Colleagues herald Nicole Hylton-Patterson’s work launching programs, projects across the region
By Gwendolyn Craig
Nicole Hylton-Patterson is leaving her post as the inaugural director of the Adirondack Diversity Initiative for a leadership position at a Brooklyn nonprofit. The Adirondack North Country Association (ANCA) is convening a hiring committee to search for a new director.
In a phone interview Wednesday, the 48-year-old Hylton-Patterson said she will be moving to Brooklyn to be with her mother. She will be the new director of diversity, equity, inclusion, and belonging at Little Flower Children and Family Services of New York, a nonprofit that works with people with developmental disability. She became emotional talking about the people she has met in the Adirondacks and the work she and community members have accomplished. From partnering with local police and sheriff’s departments on diversity training, to bringing more students of color up to the Adirondacks, Hylton-Patterson, ADI and its partners have instituted new and inclusive programs since her start in 2019.
“It’s the hearts and minds that I’ve changed, or even opened a little bit, to consider some of what we are saying or sharing of everyday folks,” Hylton-Patterson said. “That for me I think is what I’m going to miss the most, the people on the ground.”
ANCA staff highlighted a multitude of accomplishments under Hylton-Patterson’s leadership including its cultural consciousness trainings, community policing initiative and emerging stewards program. Hylton-Patterson said she was overwhelmed by the number of requests for diversity training in her tenure at ADI. Pete Nelson, co-founder of Adirondack Wilderness Advocates and ADI, said he is sorely going to miss working with Hylton-Patterson.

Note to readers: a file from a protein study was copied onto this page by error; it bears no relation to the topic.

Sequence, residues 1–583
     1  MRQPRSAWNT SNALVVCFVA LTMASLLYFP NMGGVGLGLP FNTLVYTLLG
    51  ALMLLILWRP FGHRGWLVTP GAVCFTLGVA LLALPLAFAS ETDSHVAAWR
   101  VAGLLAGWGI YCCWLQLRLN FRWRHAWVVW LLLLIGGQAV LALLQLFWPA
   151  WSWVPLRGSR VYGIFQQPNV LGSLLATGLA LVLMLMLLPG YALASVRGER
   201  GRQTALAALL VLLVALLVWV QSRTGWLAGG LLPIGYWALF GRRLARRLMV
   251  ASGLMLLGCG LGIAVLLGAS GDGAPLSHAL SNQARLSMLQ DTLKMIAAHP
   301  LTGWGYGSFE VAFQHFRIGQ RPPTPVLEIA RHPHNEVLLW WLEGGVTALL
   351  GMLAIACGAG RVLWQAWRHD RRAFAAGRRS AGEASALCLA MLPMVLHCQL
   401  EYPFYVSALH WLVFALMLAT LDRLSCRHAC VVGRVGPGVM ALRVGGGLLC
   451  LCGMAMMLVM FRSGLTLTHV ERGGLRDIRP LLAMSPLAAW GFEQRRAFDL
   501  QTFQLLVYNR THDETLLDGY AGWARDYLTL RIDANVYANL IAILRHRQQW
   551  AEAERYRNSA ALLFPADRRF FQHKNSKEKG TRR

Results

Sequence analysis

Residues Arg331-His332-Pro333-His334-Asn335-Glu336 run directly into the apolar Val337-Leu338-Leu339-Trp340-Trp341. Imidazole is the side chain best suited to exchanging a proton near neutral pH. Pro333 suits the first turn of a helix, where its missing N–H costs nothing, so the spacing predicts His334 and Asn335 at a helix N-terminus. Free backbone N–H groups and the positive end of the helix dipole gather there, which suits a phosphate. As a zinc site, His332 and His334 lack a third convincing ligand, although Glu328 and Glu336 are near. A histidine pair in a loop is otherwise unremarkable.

“Nicky is a dynamic, passionate leader and she is also my friend,” Nelson wrote, adding that “she leaves behind a strong, vital organization, with multiple initiatives that are making a real difference in the North Country. That’s her legacy, and we will honor it by doing even more.”
ANCA Executive Director Elizabeth Cooper said she was grateful for Hylton-Patterson’s work “that helps us build communities that are equitable, welcoming and resilient.”
In 2020, Adirondack Wild: Friends of the Forest Preserve recognized Hylton-Patterson with the Wild Stewardship Award for “initiating and elevating difficult conversations about race, shared power, and influence in the Adirondack region.” In 2021, the Adirondack Council issued her an award for “making the Adirondack Park more welcoming, safe and inclusive for all.”
Rocci Aguirre, deputy executive director of the Adirondack Council and founding member of ADI, said Hylton-Patterson “has accomplished so much in such a short amount of time,” something that “speaks to her warrior spirit, her leadership, and her grace under pressure.”
Hylton-Patterson’s experiences in the Adirondacks have not always made her feel safe. In the summer of 2020, a racist message was spray-painted on her regular running route in Saranac Lake. The community, she had told the Explorer, did not respond for days, and she moved out of the village. If there was any advice she could give to the next person following in her footsteps, Hylton-Patterson said it was to “just be open.”
“Remember to never delegitimize anybody’s position. Understand and respect and get to know the history of this place,” she said. “But know that you’re coming into a position where the core team of ADI is going to wrap their arms around you. That person will have no problem in terms of a support system that is sustaining, because a person of color comes into this position, there’s going to need to be a network to sustain that person in the Adirondacks. That’s what I’ve received from the core team, and I’d say a lot of leaders across the community.”
Hylton-Patterson said she’s not leaving the Adirondacks completely. Since living in the North Country she has been bit by the hiking bug, and has finished the Saranac 6er challenge, the Lake Placid 9er challenge and is now onto climbing the 46 High Peaks. She has started with Cascade and Porter, and an unfinished attempt at Big Slide. She’ll be back for that one.
“I don’t know if there is any other Black woman who has done all 46, but I plan to,” she said.
The Adirondack Diversity Initiative was established in 2015 by a group of volunteers. In 2019, the New York State budget included $250,000 under the environmental protection fund for ADI. ANCA hired Hylton-Patterson in December of 2019. She brought a unique perspective to the Adirondacks, ANCA said. Hylton-Patterson was born in Jamaica and spent her childhood in northern Norway. She holds a master’s in Pan African Studies from Syracuse University and a master’s in Industrial and Organizational Psychology from the Chicago School of Professional Psychology.